If you need to interpolate many block-group statistics, you may also want to start by generating your own block-group-to-block-group crosswalk. E.g., for each intersection between a 2000 block group and 2010 block group, use 2000 block data and the NHGIS block-to-block crosswalk to estimate the proportion of the 2000 block group’s population that lies in the 2010 block group. Then you could re-use the smaller BG-to-BG crosswalk to interpolate each statistic you need to interpolate. If you want to use different guide variables for different statistics (e.g., households instead of population), then you’d have to add each of those proportions to your crosswalk.

NHGIS has plans to construct crosswalks like these, and to generate standardized time series of block-group source data, using the same techniques I described above. However, it may be a year or more before these products are available.

That makes sense!



Have there been any updates or progress with constructing these block-group crosswalks?

Yes, we’re getting very close! We expect to release this new batch of crosswalks within 2-3 weeks, hopefully by mid-August at the latest.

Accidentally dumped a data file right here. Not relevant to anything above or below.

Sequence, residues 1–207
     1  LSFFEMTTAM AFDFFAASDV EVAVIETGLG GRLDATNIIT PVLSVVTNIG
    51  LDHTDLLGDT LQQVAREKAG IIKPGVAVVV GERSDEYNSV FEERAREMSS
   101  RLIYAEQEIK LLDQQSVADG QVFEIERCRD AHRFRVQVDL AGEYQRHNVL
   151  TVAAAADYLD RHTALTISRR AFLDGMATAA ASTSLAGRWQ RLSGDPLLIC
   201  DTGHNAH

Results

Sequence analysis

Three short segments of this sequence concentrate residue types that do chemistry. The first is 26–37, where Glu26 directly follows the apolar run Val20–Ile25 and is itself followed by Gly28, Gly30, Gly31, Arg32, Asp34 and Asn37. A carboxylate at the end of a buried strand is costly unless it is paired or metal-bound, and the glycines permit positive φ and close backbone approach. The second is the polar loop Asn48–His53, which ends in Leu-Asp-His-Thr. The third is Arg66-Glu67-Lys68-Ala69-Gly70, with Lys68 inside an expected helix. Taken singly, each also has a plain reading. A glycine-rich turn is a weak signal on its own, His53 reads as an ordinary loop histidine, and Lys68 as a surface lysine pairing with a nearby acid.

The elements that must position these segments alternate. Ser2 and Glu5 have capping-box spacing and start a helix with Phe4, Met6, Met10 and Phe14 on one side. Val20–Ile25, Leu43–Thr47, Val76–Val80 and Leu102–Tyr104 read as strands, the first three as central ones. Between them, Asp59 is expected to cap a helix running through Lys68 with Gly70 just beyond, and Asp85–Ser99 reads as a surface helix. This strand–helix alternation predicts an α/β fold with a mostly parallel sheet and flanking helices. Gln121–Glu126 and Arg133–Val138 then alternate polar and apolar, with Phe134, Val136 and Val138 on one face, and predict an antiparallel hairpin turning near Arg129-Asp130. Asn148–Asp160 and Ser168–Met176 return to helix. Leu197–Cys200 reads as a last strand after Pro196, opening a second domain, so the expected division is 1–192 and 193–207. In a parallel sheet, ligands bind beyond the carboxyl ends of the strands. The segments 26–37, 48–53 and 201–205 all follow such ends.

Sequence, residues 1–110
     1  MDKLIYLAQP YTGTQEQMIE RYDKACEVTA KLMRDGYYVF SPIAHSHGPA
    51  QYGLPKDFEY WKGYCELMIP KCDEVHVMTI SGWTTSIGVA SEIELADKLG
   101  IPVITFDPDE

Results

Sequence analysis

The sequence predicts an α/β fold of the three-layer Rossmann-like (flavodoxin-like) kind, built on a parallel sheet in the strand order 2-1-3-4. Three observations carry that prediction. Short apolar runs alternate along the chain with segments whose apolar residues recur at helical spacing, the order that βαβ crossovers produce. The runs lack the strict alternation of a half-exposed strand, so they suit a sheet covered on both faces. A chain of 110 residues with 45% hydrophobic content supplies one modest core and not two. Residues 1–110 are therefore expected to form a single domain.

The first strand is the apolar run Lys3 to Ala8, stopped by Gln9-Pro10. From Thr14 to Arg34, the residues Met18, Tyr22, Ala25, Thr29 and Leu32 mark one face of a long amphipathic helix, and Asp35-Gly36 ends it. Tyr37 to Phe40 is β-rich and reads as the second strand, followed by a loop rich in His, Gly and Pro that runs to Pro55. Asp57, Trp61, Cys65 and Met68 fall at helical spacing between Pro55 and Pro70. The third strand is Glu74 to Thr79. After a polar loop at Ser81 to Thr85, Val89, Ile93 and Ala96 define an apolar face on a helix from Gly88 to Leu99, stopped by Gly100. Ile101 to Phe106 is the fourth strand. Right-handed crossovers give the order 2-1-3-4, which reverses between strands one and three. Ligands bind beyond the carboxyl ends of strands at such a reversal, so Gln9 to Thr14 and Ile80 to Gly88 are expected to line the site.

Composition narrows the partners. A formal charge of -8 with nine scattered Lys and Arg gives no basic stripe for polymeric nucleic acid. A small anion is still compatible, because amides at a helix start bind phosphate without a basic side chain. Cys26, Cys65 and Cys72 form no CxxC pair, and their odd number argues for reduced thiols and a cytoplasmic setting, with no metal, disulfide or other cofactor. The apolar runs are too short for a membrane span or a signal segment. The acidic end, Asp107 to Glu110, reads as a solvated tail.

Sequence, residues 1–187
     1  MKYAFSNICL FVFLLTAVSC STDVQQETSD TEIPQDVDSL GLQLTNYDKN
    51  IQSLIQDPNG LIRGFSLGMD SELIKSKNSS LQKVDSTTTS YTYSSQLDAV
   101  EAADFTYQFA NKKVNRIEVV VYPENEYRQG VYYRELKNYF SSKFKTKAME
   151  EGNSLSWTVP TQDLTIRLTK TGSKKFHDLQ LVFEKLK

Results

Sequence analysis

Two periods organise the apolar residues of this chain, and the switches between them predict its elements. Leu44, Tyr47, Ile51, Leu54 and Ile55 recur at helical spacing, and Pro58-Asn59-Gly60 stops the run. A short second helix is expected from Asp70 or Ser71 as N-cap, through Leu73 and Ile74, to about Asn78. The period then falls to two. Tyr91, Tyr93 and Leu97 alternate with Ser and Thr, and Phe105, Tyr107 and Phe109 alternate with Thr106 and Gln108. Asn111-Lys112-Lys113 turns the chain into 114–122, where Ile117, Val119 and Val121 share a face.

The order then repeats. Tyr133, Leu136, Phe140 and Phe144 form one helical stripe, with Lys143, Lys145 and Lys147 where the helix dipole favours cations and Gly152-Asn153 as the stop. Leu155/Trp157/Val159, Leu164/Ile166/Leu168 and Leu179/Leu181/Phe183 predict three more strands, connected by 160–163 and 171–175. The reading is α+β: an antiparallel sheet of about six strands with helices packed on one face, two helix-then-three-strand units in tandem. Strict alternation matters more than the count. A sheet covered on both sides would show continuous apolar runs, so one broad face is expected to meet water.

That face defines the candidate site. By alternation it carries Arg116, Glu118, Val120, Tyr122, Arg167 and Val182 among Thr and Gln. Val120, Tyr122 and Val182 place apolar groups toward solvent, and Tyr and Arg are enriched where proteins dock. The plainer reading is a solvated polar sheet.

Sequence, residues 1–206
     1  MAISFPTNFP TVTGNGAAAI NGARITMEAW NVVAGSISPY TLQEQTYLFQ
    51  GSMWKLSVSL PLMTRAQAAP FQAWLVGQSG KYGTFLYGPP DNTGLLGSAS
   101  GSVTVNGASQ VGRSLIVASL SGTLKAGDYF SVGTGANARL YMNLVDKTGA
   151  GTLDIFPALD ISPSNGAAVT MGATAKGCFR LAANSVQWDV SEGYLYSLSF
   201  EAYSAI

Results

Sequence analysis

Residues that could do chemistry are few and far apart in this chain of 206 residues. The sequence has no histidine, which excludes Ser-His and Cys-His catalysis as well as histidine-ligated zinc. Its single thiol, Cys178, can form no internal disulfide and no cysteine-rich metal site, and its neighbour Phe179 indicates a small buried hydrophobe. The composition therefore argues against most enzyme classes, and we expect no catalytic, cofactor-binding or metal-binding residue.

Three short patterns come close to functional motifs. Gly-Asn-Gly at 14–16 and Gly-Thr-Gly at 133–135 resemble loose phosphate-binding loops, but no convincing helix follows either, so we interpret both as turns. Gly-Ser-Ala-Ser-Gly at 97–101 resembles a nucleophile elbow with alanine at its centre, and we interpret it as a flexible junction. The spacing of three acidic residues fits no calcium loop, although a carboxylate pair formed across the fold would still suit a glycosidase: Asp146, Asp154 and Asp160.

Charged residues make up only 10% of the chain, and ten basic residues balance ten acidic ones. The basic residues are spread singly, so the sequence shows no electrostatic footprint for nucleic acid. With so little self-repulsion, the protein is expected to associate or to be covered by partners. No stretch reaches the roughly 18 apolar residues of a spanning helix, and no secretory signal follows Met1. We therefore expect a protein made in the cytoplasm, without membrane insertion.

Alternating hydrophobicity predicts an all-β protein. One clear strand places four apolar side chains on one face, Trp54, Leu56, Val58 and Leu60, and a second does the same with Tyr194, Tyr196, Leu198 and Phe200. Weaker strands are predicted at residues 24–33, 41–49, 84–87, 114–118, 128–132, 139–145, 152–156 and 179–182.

1 Like

Awesome, will be eagerly looking out for the release. Thank you for this resource!

Just wondering if there was a status update on the release of these crosswalks? Thank you!

I’m aiming for later this week (Thursday or Friday) barring any surprises.

Crosswalks for block group parts are now available!


@JonathanSchroeder Assume I want to use the crosswalk to go from 2000 block groups to 2010 block groups and that my variable of interest is only available at the 2000 block groups level. How can we go from 2000 block group parts to 2000 block groups? Is there another crosswalk for that? Thank you!

Could you clarify what you’re looking for and why?

First, you say, “my variable of interest is only available at the 2000 block groups level”, but to my knowledge, there are no 2000 census datasets that provide data for block groups and not also for block group parts. What is your source? If it’s the 2000 census, I think you should be able to get the same data for block group parts.